Six Hotel Chains Now Allow Reward Point Gifts to Wounded Veterans
Today a new program launched that allows Americans to donate hotel rewards points to wounded U.S. veterans and their families. Six hotel chains have joined in the "Hotels for Heroes" program: AmericInn, Best Western, Choice Hotels (Comfort Inn, Sleep Inn, Rodeway, etc.), Marriott, Starwood (Sheraton, Westin, Four Points, Aloft, etc.), and Wyndham.
For instance, a Best Western loyalty program member could donate 2,500 points by clicking the Best Western loyalty donation webpage. That donation would be worth a free night's stay at a Marriott hotel for military service members in need related to a medical condition.or a loved one visiting that person.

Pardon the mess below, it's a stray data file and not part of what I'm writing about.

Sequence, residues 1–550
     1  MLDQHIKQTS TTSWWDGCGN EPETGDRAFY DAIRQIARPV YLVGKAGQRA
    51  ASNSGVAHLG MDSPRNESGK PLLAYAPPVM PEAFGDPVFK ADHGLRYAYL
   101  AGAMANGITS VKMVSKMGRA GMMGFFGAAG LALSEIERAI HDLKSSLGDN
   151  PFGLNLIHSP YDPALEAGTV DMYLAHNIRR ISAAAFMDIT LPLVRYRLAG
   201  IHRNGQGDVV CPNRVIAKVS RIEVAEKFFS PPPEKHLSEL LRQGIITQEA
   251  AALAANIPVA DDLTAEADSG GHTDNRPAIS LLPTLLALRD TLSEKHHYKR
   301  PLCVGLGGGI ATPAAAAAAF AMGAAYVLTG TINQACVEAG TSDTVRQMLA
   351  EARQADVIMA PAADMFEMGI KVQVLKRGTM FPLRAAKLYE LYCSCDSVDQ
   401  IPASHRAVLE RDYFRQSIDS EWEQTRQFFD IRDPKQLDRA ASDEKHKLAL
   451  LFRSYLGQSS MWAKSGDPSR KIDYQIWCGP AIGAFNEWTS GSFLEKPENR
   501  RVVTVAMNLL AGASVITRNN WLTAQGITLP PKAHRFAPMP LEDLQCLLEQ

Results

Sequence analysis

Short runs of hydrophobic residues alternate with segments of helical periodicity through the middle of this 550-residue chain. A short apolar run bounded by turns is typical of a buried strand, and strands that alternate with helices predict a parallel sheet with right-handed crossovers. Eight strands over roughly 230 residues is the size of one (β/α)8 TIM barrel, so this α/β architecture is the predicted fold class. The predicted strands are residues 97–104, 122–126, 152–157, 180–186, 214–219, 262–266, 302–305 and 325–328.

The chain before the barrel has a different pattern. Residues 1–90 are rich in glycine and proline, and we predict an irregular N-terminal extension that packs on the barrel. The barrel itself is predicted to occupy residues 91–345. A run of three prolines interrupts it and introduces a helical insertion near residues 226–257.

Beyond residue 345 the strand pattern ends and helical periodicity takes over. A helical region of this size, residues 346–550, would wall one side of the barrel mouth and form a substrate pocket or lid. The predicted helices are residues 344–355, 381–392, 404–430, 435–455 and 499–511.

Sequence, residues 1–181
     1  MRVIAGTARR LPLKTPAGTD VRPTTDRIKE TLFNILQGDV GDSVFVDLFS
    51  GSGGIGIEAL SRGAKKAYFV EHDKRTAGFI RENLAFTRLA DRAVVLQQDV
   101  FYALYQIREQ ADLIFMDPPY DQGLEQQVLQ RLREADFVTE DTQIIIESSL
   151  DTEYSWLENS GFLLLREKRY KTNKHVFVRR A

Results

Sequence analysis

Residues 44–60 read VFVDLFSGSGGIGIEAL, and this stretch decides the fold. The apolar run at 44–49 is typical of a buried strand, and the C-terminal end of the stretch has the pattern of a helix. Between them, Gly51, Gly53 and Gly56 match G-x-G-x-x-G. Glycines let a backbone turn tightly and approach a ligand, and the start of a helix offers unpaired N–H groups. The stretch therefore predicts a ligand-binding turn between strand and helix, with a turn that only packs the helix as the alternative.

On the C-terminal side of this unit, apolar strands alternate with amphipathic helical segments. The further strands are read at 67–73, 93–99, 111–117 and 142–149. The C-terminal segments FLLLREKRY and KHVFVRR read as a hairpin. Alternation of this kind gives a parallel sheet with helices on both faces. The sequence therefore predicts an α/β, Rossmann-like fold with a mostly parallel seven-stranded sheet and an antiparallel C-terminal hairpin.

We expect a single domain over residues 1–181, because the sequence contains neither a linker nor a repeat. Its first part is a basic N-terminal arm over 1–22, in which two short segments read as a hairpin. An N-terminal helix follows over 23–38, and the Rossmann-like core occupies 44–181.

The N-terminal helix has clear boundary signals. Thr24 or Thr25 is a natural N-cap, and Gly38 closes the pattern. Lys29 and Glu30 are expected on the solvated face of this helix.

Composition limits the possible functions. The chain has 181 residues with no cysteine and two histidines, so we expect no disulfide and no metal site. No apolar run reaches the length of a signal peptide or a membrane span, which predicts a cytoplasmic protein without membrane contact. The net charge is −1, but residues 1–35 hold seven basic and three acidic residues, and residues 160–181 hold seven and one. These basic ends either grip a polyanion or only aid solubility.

The program, Hotels for Heroes, hopes to cut travel costs for wounded veterans receiving military health care and their visitors. It will be run by the nonprofit Fisher House Foundation, which has built 50 homes away from home for the relatives of veterans and military personnel who are wounded, injured or ailing and are being treated at regional medical facilities in the U.S. and Germany.
Hotels for Heroes is the next step for Fisher House, which has long enabled American travelers to give frequent-flier miles to the families of service-members at a military or Veterans Affairs medical center with its Hero Miles program.
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Apple Drops Google Maps: Will You Miss It?